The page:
Despite the fact that Plato is seen arguing for equal treatment of women his attitude towards them is hardly one of equality. Plato can be found expressing such sentiments in stating, "[The Guardians] should share all activities - except that we employ the females as weaker animals, the males as stronger" (Plato, 1993). Although Plato feels that certain females are more qualified for the job of Guardian than other women and even some males, he still affirms the established societal stereotype that women are of inferior strength as a whole demographic. Plato even goes so far to ask, "...are you aware of any practice cultivated by humans in which the male sex is not superior to the female in all... ways...? Or do we have to spend time discussing weaving and the preparation of cakes and vegetables..." and continues to state that, "It's true that the one sex is greatly surpassed by the other in virtually everything" (Plato 1993). We see that Plato, while reaffirming well established stereotypes of the female sex, acknowledges that there are a few exceptions where, "... there are many women who are better at many things than many men" (Plato, 1993). Plato's distinguishing feature here is that he does not completely dismiss women as a whole, which seems like a much less noble stance than we previously observed from his rhetoric. But even this stance seems to be brought into question when Plato makes statements such as, "...a woman and a man can possess the same natures for Guardianship of a city, except in so far as the former is weaker, the latter is stronger" (Plato 1993). Plato seemingly oscillates between the two arguments that at least some women are equal to men in certain areas and that women are overall inferior in several fields. Although Plato contends that women should be able to hold the position of Guardian and receive equal training, he seems to believe that their duties should, paradoxically be unequal. We can note this conflicting ideology when Plato states that the Guardians, "...[should] not be given different activities; but within [the areas of warfare and civic duties], the women must be allotted lighter tasks than the men, because of the weakness of their sex" (Plato 1993). While the contentions of women lacking physical strength are generally still in place in modern society, Plato's other claims of inferiority are not as easily dismissed by the feminist ideal. His argument that the only activities in which women consistently excel in over men involve homemaking, which, perhaps true for the time, is hardly a feminist attitude.

Apart from the obvious fact that Plato still considers women to be the overall inferior sex, yet capable of producing individuals who defy the stereotypes, Plato's incentives to offer women the position of Guardianship can be considered to be inconsistent with a feminist ideology (although not necessarily opposing the feminist ideology). Plato acknowledges that the position of Guardian is one of sacrifice in that, " [is] the city that we [are] making as happy as possible" (Plato 1993). Rather than endorsing purely moral reasons for allowing females to become guardians, Plato is adopting a nationalistic argument. Essentially, Plato can be considered to be arguing that women should be considered for the position of Guardian not for the purpose of equality and justice; no that comes as a byproduct of the real goal, which is the betterment of the state. Plato, in a traditionally Greek nationalistic view, wants women to become Guardians not for their own achievement, but in order to fulfill the common good and the greater unity of the state overall. While this doesn't directly oppose feminism, such sentiments definitely do not further paint Plato as a feminist. Although he is seen to disregard the wants of the female Guardians, we may note that he is also disregarding male Guardians equally. But still, this disregard for the rights and wants of the upper occupations of women, definitely opposes feminist principles.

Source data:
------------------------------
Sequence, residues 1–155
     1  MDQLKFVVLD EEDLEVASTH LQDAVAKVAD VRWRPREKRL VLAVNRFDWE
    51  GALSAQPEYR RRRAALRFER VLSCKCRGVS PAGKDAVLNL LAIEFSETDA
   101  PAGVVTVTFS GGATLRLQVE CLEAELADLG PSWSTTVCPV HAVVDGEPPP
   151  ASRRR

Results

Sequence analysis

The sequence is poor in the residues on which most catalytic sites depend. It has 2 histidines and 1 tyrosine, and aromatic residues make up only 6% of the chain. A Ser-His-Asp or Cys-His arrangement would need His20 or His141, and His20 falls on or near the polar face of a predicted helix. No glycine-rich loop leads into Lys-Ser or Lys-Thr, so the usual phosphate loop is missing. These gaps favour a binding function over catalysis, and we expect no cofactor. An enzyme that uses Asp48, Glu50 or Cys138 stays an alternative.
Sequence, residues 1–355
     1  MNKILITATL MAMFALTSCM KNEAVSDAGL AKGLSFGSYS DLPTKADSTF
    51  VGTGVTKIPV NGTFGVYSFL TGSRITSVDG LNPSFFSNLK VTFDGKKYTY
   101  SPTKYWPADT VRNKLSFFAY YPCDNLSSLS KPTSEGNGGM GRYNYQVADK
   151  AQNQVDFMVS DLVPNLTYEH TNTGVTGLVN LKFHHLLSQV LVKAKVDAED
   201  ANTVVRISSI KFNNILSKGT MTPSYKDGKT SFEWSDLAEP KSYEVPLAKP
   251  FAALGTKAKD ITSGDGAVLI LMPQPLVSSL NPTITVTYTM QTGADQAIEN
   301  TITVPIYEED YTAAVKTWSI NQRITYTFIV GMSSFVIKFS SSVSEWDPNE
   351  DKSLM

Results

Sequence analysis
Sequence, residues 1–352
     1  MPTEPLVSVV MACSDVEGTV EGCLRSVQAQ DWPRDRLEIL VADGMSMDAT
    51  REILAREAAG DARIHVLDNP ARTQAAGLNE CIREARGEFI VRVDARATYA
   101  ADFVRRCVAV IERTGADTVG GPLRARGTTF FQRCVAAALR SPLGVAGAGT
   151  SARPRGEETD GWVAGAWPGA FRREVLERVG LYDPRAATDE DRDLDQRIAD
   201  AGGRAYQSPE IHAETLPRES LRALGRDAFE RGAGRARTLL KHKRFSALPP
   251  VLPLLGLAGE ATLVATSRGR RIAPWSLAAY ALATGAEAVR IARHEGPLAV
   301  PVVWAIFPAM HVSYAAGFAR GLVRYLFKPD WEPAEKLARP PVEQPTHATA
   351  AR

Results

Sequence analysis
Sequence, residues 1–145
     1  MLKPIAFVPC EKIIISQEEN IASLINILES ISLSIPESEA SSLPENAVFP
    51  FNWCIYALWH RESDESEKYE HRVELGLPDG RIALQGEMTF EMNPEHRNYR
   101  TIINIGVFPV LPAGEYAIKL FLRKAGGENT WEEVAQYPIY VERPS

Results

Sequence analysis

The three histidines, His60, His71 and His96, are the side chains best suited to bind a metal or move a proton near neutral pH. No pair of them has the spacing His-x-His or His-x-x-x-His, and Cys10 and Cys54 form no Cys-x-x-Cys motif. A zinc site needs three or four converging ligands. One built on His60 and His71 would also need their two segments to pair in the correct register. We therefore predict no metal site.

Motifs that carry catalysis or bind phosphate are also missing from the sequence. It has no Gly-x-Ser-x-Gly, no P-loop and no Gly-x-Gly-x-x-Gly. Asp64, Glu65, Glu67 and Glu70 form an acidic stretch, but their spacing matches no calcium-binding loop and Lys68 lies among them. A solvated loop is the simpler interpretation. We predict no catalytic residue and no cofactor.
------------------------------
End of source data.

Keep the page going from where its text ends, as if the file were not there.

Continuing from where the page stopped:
Although Plato seems quite progressive in his ideology for advocating in favor of women gaining positions in society other than home makers, his stance upon women stereotypes as well as his incentives behind offering equality undermine the label of feminist some are quick to stick on him. Plato proved to be far before his time in the argument that women (at least some women that is) not only have a right to an education, but have a right to an education equal to one offered to men. But Plato's incentives for this education were for the betterment of the state in that he considered it a waste of potential to have capable women restricted to the home front. Such an attitude, while not directly opposing feminist thought, does imply that he was more concerned with the state than women's rights. Plato's stance on the general 'nature' of women still conforms with the ideas of Athenian society, which is a far greater concern to those who wish to consider Plato as a feminist. Plato's beliefs, can therefore, be considered to align entirely with the attitude of most Athenians that women are not only naturally different, but naturally subsidiary. While Plato does acknowledge that some women transcend these stereotypes, it is still evident that he finds truth in such assumptions. Nonetheless, Plato was far before his time in the suggestion that women should receive an equal education, and his writings gave hope to the woman population for the chance of attending academy's and schools. But despite Plato's advant-garde attitude towards women's right to equal education, one could hardly classify the man as consistent with modern feminist principles.





Plato on Women: Don't Hate the Player, Hate the Game


Page Author: Kerry E. Olivier

Saturday, 11-Feb-2012 14:19


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US Const. Amend. [XIX]. Sec. 1